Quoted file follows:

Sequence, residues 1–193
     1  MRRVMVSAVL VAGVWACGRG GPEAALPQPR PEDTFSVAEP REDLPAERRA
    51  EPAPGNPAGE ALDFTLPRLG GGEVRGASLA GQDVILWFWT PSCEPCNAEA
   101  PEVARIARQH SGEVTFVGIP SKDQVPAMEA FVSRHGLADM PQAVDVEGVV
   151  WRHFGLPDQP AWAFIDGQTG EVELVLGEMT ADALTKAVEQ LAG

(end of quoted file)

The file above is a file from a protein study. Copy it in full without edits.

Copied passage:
Sequence, residues 1–193
     1  MRRVMVSAVL VAGVWACGRG GPEAALPQPR PEDTFSVAEP REDLPAERRA
    51  EPAPGNPAGE ALDFTLPRLG GGEVRGASLA GQDVILWFWT PSCEPCNAEA
   101  PEVARIARQH SGEVTFVGIP SKDQVPAMEA FVSRHGLADM PQAVDVEGVV
   151  WRHFGLPDQP AWAFIDGQTG EVELVLGEMT ADALTKAVEQ LAG